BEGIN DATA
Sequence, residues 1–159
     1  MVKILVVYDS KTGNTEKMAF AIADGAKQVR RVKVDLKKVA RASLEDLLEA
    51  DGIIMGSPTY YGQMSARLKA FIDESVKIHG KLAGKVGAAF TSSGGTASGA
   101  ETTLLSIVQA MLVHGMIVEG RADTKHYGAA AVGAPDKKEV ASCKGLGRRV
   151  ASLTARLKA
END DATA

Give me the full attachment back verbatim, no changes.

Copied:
Sequence, residues 1–159
     1  MVKILVVYDS KTGNTEKMAF AIADGAKQVR RVKVDLKKVA RASLEDLLEA
    51  DGIIMGSPTY YGQMSARLKA FIDESVKIHG KLAGKVGAAF TSSGGTASGA
   101  ETTLLSIVQA MLVHGMIVEG RADTKHYGAA AVGAPDKKEV ASCKGLGRRV
   151  ASLTARLKA